Peter Carey (novelist)

Peter Philip Carey AO (born 7 May 1943) is an Australian novelist. Carey has won the Miles Franklin Award three times and is frequently named as Australia's next contender for the Nobel Prize in Literature. Carey is one of only four writers to have won the Booker Prize twice´the others being J. G. Farrell, J. M. Coetzee and Hilary Mantel. Carey won his first Booker Prize in 1988 for Oscar and Lucinda, and won for the second time in 2001 with True History of the Kelly Gang. In May 2008 he was nominated for the Best of the Booker Prize.
Carey started his own advertising agency in 1980, the Sydney-based McSpedden Carey Advertising Consultants, in partnership with Bani McSpedden. After many years of separation, Leigh Weetman asked for a divorce in 1980 so that she could remarry and Peter agreed. In 1981, he moved to Bellingen in northern New South Wales. There he wrote Illywhacker, published in 1985. In the same year he married theatre director Alison Summers. Illusion, a stage musical Carey wrote with Mike Mullins and composer Martin Armiger, was performed at the 1986 Adelaide Festival of the Arts and a studio cast recording of the musical was nominated for a 1987 ARIA Award (for which Carey as lyricist was nominated).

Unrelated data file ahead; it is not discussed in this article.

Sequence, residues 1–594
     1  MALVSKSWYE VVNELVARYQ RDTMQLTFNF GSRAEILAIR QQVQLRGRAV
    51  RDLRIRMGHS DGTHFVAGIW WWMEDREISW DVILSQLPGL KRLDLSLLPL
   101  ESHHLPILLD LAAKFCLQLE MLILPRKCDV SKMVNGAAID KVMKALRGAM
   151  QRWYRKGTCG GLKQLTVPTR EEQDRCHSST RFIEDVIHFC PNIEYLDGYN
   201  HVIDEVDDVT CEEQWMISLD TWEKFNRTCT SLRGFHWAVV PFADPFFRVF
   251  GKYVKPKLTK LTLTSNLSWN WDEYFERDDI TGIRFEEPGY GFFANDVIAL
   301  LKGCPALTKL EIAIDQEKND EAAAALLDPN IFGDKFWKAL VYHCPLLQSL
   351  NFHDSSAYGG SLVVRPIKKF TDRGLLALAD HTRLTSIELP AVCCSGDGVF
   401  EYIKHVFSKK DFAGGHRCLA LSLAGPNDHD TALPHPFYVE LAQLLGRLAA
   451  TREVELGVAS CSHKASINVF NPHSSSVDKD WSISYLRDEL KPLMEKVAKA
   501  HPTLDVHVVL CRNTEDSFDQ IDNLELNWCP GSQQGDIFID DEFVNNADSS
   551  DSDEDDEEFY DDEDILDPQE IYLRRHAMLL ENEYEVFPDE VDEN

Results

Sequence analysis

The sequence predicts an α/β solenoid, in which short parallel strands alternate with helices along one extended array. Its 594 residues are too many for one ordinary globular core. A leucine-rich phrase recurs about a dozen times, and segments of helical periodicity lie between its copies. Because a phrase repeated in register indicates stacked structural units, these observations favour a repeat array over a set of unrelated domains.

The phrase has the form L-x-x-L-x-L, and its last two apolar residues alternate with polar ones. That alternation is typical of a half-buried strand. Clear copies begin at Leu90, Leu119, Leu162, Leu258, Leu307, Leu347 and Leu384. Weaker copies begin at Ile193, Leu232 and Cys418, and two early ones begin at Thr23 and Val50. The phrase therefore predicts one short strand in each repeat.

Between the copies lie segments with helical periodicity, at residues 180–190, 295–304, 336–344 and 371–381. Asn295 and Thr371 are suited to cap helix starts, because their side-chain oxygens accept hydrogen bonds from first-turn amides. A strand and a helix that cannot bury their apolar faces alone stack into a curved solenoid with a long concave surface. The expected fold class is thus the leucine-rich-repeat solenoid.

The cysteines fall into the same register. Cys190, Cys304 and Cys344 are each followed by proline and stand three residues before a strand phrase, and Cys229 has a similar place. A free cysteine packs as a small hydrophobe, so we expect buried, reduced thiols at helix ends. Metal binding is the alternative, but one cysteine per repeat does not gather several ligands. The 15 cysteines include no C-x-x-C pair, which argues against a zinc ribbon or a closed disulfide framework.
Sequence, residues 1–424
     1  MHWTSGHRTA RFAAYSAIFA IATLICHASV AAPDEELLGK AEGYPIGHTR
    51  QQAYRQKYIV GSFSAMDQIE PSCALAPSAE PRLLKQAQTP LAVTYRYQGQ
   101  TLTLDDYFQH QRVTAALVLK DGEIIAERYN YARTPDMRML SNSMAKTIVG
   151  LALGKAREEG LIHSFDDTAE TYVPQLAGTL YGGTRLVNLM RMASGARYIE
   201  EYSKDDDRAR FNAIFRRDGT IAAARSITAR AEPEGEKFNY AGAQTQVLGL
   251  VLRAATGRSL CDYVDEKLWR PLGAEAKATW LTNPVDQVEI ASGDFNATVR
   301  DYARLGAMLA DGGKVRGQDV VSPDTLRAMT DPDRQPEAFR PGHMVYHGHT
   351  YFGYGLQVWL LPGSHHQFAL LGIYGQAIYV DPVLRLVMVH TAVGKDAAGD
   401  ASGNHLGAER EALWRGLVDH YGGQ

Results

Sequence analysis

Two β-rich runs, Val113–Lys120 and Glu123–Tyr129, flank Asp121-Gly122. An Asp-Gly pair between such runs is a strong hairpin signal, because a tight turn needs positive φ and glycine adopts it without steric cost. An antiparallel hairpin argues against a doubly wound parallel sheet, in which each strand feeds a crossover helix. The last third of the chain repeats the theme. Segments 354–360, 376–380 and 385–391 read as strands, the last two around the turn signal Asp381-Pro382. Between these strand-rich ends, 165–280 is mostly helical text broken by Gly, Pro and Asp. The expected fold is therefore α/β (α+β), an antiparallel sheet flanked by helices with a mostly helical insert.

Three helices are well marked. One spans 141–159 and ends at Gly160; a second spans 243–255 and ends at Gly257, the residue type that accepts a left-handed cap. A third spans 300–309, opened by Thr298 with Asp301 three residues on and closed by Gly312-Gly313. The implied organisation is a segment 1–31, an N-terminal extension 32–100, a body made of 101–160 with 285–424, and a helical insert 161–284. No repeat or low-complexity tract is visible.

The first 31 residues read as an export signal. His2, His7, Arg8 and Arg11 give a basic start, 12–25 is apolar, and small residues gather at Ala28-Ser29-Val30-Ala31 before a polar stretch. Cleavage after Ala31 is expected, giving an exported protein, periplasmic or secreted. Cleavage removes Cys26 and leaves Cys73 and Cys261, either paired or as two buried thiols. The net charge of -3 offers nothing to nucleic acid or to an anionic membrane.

Carey sold his share of McSpedden Carey and in 1990 moved with Alison Summers and their son to New York, where he took a job teaching creative writing at New York University. He later said that New York would not have been his first choice of place to live, and that moving there was his wife's idea. Carey and Summers divorced in 2005 after a four-year separation. Carey is now married to the British-born publisher Frances Coady.
It was only after nearly two decades in the United States that he embarked on Parrot and Olivier in America (2010), loosely based on events in the life of Alexis de Tocqueville. Carey says "Tocqueville opened a door I could enter. I saw the present in the past. It was accessible, imaginable." Carey continues to extend his canvas; in his most recent novel, The Chemistry of Tears (2012), "contemporary London is brought intimately in touch with ... a 19th-century Germany redolent of the Brothers Grimm".
In April 2015 he, alongside Michael Ondaatje, Francine Prose, Teju Cole, Rachel Kushner and Taiye Selasi, withdrew from the PEN American Center gala honouring the French satirical magazine Charlie Hebdo with its "Freedom of Expression Courage" award. He stated that one of his reasons for doing so was "PEN’s seeming blindness to the cultural arrogance of the French nation, which does not recognise its moral obligation to a large and disempowered segment of their population.". In addition, 204 PEN members, including Teju Cole and Deborah Eisenberg, wrote to PEN, objecting to its decision to give the award to Charlie Hebdo.